Tuesday, May 16, 2017

A Rotary Axis for the CNC G0704 Mill

When I first started out on the G0704 conversion project, it was always in the long range plan to make the mill a large version of the Sherline/A2ZCNC hybrid I was coming from, and part of that was to add a rotary axis and make it a four axis CNC machine.  When I bought parts, I planned for the fourth axis: four of the big NEMA 23 571 in-oz motors, four stepper controllers, and so on.  I chose the rotary table that would be used early last fall and caught it on a Black Friday sale at Wholesale Tool.  Things like this don't go on sale very often, and I was glad to get it for 20% off (IIRC).

Today, I completed the modification to the rotary table and got it running.

Now considering I've had the table since around December 1st, you might want to ask why it took me so long to get it running.   Especially considering I finished the mill in early February, and have been tweaking and improving it ever since.  It's really a simple story.  The first time I tried to pull the crank handle to see what it takes to mount a motor, I couldn't get the handle off.  So I said, "some day when I have some time" and there it sat.  Well that reason and not having a pressing need for it. 

The trick was to assume the handle could be persuaded to come off with a few light taps of a hammer on a screwdriver wedge, which it did.  The handle covered a pair of concentric cast iron disks, which is probably one casting finished differently on each layer.  It had three holes in it, although they weren't used.  I compared the pattern to one of the leftover "Phase 1" motor mounts I made over a year ago, and found that holes didn't line up, but that I could add new holes to my motor mount and drill and tap two new holes in this piece.  It looks something like this.  You can see the two new holes on the left and right of the centerline:
With the two new holes added to this, and the motor mount drilled to match, it was simple to put together.  I had some threaded standoffs leftover from Phase 1 as well; some that were too long some that were too short.  Clearly, I used the long ones, which were cut off and re-threaded. It went together with no issues whatsoever.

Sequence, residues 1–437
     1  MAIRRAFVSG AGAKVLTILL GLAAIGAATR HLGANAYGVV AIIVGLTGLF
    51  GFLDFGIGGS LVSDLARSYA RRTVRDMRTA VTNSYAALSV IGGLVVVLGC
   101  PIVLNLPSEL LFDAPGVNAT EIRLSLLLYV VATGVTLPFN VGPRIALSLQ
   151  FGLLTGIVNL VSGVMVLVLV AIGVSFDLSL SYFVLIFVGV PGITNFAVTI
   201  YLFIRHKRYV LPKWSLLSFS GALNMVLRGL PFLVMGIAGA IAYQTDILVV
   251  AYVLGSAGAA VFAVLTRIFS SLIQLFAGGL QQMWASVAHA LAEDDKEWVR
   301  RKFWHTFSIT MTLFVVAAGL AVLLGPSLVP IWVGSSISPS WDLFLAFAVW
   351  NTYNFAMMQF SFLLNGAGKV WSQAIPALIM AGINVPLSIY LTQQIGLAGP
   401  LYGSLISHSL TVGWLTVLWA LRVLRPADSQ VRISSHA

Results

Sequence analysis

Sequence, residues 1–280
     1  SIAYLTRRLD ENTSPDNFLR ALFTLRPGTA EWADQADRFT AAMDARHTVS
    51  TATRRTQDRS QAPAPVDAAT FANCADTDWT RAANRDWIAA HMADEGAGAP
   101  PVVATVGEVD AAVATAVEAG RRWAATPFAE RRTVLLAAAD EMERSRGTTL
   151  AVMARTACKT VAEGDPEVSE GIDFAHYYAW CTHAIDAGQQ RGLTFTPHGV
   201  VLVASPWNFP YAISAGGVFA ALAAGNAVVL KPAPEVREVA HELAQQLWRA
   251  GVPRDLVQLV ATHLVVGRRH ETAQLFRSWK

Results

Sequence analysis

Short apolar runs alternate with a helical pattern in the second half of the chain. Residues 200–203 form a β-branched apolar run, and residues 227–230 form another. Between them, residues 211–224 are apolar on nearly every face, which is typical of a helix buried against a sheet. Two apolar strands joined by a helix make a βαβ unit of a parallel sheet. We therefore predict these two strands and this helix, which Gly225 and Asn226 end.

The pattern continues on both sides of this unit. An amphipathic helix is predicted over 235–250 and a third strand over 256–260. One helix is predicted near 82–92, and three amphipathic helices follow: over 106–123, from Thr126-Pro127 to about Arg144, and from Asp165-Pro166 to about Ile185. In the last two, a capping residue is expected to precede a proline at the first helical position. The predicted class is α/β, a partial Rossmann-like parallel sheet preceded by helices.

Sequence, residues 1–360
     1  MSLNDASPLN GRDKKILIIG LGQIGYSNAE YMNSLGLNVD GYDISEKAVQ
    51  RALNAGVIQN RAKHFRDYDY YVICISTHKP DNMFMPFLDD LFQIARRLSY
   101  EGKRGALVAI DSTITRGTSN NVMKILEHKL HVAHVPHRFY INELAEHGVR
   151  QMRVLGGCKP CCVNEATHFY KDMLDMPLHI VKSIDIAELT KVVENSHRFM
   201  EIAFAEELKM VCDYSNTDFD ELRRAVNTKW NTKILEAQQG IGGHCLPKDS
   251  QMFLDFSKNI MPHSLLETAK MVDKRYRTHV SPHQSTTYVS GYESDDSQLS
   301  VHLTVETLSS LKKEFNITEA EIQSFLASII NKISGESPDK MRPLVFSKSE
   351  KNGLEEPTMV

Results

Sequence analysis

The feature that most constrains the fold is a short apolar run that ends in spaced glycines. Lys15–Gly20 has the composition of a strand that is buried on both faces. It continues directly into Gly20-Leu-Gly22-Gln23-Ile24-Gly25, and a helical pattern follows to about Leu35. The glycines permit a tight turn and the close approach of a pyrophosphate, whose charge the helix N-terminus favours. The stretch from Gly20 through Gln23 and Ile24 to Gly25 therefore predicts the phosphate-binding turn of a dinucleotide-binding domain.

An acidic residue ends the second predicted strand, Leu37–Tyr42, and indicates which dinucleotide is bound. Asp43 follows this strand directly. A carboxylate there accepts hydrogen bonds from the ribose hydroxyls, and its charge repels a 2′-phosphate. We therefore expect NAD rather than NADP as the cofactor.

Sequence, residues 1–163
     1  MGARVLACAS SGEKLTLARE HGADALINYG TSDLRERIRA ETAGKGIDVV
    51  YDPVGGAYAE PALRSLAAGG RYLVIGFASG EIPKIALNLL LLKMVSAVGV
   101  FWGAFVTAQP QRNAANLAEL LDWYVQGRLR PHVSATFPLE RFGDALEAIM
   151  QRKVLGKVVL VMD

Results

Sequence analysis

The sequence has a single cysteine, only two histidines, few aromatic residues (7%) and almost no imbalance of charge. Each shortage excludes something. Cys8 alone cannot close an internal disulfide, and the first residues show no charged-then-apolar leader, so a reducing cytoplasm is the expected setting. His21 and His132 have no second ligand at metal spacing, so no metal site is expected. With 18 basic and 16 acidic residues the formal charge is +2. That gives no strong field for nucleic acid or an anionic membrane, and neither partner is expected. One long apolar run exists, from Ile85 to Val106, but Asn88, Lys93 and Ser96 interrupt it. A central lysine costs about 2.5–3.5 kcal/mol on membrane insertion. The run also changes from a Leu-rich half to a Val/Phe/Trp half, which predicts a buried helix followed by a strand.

The motor mount is held to the rotary table (far right) with two 8-32 screws; the motor is attached to the threaded standoffs with 10-32 screws, as the standoffs are attached to the motor mount.

Now that it's done, it's probably going to get put aside for a while.  There are no projects in the queue that require one.  A rotary axis is essential for some projects, simplifies some and has no use in others. 

For those of you who are new to this subject, and wonder why someone would do this, here's a brief overview.  Rotary axes can be introduced parallel to the two main Cartesian axes.  The rotary axis parallel to X is generally called the A-axis and is most common.  One parallel to the Y axis is called B.  Aside from an A-axis, like mine is mounted, the most common "next step" is a full five axis CNC mill.  The guy whose plans I bought for my starting point, Hoss, has used this rotary table to make a "Fifth Axis" version of his mill.  He says he didn't use it enough to keep it and just left the rotary table in place.  The drawback to fifth axis mills, besides the cost of the machine, is the cost of the CAM software to take advantage of it.  That's the main reason I'm sticking with using it as an A-axis. 


  1. Awesome!
    How do you measure the accuracy/repeatability/backlash?
    And what is a generally acceptable standard?

    I jumped to YouTube and found an example of CNC machining a flash suppressor using the fourth axis.

    And I am guessing that an interrupted screw breech plug would be a lot easier to make the CNC way than the conventional machining process.

    1. What's an acceptable standard? I think that's an "I don't know".

      I think the easiest way to measure accuracy and backlash is by mounting a bar on the table, making sure it's parallel to the mill's table (a dial indicator reads the same as the mill's table moves in Y), rotating one degree and verifying that end rises the right amount (length of the bar * sine of the angle, .017452 ). A 3" bar rises .052", which is a long way.

      Unfortunately, I didn't notice until yesterday that the Tee nuts and clamping hardware for the mill don't fit! I thought they did. That means I can't hold any work to the table and run these tests, at least for now.